You have got to love it when Ghanaian art, history and culture goes out to show off to the world. For me it is always fun to see a little bit of Ghana appear when you least expect it. Curving galleries plastered with earth characterise Ghana Freedom, the
country’s national pavilion at the 58th Venice Art Biennale, designed by architect David Adjaye. Now open in the Venetian Arsenal, Ghana Freedom marks the first time that the country has presented at the prestigious art event.
Modelled on traditional Gurunsi earth houses, the Ghana pavilion comprises a series of interconnected oval-shaped galleries topped by a wooden roof. It contains artwork that celebrate the country’s heritage and culture.
“Being able to show the diversity and creativity of Ghana on an international scale is an incredible achievement, and one which showcases the talent that we have to offer,” explained Adjaye. “The commitment and inspiration shown by the president in commissioning this pavilion is a testament to what our country has to offer the art community.”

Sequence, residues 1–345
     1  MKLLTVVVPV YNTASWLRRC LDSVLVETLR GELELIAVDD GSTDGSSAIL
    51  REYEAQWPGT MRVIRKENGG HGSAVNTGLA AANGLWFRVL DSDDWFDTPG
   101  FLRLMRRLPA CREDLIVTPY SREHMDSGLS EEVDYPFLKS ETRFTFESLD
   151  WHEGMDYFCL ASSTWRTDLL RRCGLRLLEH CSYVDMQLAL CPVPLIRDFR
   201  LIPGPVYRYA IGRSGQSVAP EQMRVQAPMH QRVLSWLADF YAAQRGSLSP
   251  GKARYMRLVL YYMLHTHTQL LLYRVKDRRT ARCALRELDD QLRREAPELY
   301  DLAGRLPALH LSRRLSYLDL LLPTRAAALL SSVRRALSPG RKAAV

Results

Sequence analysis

The narrative and name for the pavilion originates from the song Ghana Freedom, which was written by E T Mensah in 1957 ahead of the country’s independence from the UK. Curated by film maker Nana Oforiatta Ayim, the exhibits “examine the legacies and trajectories” of this time.
Visitors can expect to see large-scale installations by El Anatsui and Ibrahim Mahama, alongside portraits by Felicia Abban and Lynette Yiadom-Boakye, a film by John Akomfrah and a video sculpture by Selasi Awusi Sosu.
The artwork adorns the walls of the galleries to evoke the intricate mud and chalk paintings found in the Gurunsi dwellings.
“It means a lot for us to have our first national pavilion at such a narrative-building event as the Venice Biennale, especially at this moment,” explained Ayim.
“The conversation about nations is broadening in the face of issues of migrations; of us redefining our connections to our throughout our ‘year of return’; of discussing what it might mean to have our cultural objects returned, and how we thus might redefine ourselves in the world; and of finally moving out of the ‘postcolonial’ moment into one we have yet to envision.”
David Adjaye is a British-Ghanaian architect and founder of Adjaye Associates, which has studios in both London and New York.